Click on the image to view the full size PDF.
The purpose of the 2015 Hunger Conference is to increase awareness of food insecurity and to share ideas, skills, approaches, and best practices for staff and volunteers in order to enhance and enrich the hunger relief community to better serve the San Diego community.
The 2015 Conference will feature four tracks: Innovation, Best Practices, Development & Fundraising, and Marketing & Communications. Sherri will be presenting during the Innovation track and share her generational expertise addressing: “Increasing Cross-Generational Communication in the Workplace”. She will share her top 10 generational gems gleaned from the over 250 generational workshops she has conducted. And she will offer tips on how to successfully communicate with the multi-generations in the workplace – even though they have different expectations, values, & work styles. Participants will learn solutions other organizations are implementing by leveraging their knowledge of generational thinking.
330 nonprofit agency partners are invited to attend the Jacobs & Cushman San Diego Food Bank’s 2015 Hunger Conference. The conference will be held on Tuesday September 1, 2015 from 7:30 am –2:30 pm at the Jacobs Center 404 Euclid Avenue, San Diego, CA 92114. In an effort to go green, the conference is providing attendees with a USB drive including all conference materials electronically.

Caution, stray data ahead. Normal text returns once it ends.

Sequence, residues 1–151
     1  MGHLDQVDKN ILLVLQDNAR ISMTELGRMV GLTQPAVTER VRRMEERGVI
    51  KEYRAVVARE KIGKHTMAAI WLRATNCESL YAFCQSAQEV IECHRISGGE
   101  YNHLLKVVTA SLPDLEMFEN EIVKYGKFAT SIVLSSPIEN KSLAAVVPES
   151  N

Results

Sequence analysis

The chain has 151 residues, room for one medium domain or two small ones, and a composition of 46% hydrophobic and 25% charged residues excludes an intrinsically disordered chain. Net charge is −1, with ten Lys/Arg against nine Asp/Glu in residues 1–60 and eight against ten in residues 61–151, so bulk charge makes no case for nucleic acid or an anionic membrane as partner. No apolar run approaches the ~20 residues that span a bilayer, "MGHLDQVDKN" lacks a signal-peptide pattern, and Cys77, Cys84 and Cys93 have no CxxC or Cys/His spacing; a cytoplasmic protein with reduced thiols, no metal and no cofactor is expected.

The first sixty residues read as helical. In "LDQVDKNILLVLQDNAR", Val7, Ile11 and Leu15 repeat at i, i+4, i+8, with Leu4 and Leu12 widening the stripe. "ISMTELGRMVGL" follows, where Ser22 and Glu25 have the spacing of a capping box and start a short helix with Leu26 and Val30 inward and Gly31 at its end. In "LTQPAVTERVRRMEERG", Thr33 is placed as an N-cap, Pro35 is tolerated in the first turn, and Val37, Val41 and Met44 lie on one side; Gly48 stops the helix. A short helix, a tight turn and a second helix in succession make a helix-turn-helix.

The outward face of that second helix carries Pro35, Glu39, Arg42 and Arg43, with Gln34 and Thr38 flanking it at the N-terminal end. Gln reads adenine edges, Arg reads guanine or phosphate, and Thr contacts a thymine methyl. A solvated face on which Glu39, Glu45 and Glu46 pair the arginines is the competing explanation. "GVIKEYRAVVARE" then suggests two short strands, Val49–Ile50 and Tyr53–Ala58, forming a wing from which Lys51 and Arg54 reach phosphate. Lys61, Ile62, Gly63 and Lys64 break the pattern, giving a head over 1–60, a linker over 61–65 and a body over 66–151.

Jacobs & Cushman San Diego Food Bank Mission Statement is to provide nutritious food to people in need, advocate for the hunger and educate the public about hunger-related issues. For more information and to register, go here.
1. What are your tips for those who are Managing Millennials?
· Start with the positive
· Tell them what makes you happy
· Be direct and clear
· Expect a collaborative approach to reviewing performance
· Learn about their career goals and align your requests, as best as you can, with those goals
· Name it. Be very clear on what you really want to happen
· So what? Share the facts and why you need it to happen
· Now what? Provide exactly what you need of them
3. What are Smart Strategies for bringing out the best in Millennials while onboarding?
· Get them on a field ride or job shadow early
· Use a Baby Boomer mentor to help them navigate the organizational social network
· Be the person that helps them grow!
· Engage from the get-go. Bring them in early on projects so they can see the components
4. What are the type of managers that drive Millennials crazy:
· Are cynical and sarcastic
· Treat them as if they are too young to be valuable
· Are threatened by their technical savvy
· Are condescending
· Are inconsistent and disorganized
5. What are some specific skills U.S. Millennials are lacking in the workplace?
Dependent upon their early education, US Millennials may lack critical thinking skills. Their education concentrated on honing creative thinking skills more than critical. Combine that with helicopter parents buffering or even taking consequences for their children and “everyone gets a trophy” and you will see that Millennials didn’t get to experience the end result of effort either. Critical thinking requires information and consequences. They may not have received both.
We are also seeing requests from Corporate America for enhanced business writing skills and classes on “how to be a professional.” The first is homage to the texting culture and the second is about not understanding the impact of image and consequences on relationship building and buying behaviors. Due to texting as, generally, a one-on-one sport, they can also lack one-to-many conversation skills.
6. How best to help them overcome their shortfall? What needs to be done to bring them up to speed?